Rising water levels breached a levee near Houston in the aftermath of Hurricane Harvey, leading to more flooding and destruction in the catastrophic storm.
Officials in Brazoria County are telling residents of Columbia Lakes to evacuate immediately after a large levee was breached. Brazoria County is south of Houston and, like most of the the area, residents have been fighting the hurricane for several days.
The Brazos River began overflowing its banks as rain continued to fall, causing a breach in the Columbia Lakes levee and forcing immediate evacuation. Police officials issued strong warnings, saying the additional flooding will be catastrophic.
“We are asking residents to please get out,” said Sharon Trower, a spokeswoman for the county, which has already rescued hundreds of residents after severe flooding. “The additional river flooding is just going to be catastrophic.”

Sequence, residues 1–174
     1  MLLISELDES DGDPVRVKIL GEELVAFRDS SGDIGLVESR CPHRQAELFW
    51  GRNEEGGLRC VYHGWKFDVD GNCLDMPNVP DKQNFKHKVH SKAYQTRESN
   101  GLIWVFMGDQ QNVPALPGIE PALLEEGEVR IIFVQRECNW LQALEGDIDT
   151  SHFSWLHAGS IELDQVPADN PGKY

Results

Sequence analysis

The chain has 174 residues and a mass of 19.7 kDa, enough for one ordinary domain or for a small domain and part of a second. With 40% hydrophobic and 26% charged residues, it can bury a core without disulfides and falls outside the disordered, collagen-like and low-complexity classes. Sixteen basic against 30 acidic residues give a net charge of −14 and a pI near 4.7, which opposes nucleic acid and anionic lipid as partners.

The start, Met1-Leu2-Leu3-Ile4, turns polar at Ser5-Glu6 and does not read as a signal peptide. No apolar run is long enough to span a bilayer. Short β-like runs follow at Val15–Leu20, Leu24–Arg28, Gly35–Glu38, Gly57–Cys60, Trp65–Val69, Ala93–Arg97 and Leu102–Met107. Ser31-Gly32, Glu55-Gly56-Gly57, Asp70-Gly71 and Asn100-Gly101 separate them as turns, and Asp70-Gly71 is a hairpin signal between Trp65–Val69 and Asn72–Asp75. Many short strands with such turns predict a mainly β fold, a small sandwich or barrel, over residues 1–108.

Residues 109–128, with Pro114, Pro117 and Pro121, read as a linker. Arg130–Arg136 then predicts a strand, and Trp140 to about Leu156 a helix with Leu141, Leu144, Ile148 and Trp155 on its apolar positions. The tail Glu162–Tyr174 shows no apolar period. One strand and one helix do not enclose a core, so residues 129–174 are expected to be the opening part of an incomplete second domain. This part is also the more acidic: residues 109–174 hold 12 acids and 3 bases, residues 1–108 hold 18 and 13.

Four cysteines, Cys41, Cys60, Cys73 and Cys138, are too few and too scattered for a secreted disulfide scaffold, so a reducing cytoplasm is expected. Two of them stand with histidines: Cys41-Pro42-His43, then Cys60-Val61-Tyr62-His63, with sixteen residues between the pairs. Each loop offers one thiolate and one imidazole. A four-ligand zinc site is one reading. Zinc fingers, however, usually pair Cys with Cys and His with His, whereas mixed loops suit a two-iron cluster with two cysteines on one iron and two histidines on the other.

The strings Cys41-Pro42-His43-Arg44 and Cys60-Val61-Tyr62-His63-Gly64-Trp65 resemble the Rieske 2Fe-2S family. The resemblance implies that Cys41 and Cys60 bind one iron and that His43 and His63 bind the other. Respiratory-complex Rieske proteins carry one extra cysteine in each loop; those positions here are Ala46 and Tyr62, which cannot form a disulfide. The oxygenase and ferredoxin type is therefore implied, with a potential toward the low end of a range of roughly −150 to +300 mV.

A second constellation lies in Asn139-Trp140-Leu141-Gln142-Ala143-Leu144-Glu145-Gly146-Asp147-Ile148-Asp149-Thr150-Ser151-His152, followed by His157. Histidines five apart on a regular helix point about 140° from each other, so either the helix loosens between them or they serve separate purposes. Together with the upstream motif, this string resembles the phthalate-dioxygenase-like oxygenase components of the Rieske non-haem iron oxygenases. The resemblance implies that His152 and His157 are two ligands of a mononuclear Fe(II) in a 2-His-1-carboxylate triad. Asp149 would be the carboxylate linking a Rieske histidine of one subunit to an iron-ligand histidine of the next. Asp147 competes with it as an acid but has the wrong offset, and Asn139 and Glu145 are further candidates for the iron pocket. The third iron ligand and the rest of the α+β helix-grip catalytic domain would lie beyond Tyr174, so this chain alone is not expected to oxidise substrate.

Six people died in Harris County in Houston, one person died in the small city of Rockport, and another person was found dead in La Marque, near Galveston. Authorities expect the toll to rise throughout the next several days as rescue efforts continue.
The full thrust of Harvey’s destruction remains unclear in the southeastern parts of Texas and Louisiana. Officials are also warning that more than 30,000 people could be forced from their homes due to sheets of rain that the storm continues dumping on the state.
Officials have reportedly been monitoring the rising river levels swelled days of relentless rain. Authorities in Brazoria County announced a levee breach at Columbia Lakes. (RELATED: HURRICANE WATCH: More Than 30,000 People Expected At Makeshift Shelters Due To Fallout From Harvey)
“The threat is now moving from rain to river,” KPRC-TV meteorologist Britta Merwin said.
— USA TODAY (@USATODAY) August 29, 2017
— ABC13 Houston (@abc13houston) August 29, 2017
— Brazoria County (@BrazoriaCounty) August 29, 2017
The Daily Caller News Foundation is continuing to monitor Hurricane Harvey, and will be providing breaking updates.
Content created by The Daily Caller News Foundation is available without charge to any eligible news publisher that can provide a large audience. For licensing opportunities of our original content, please contact firstname.lastname@example.org.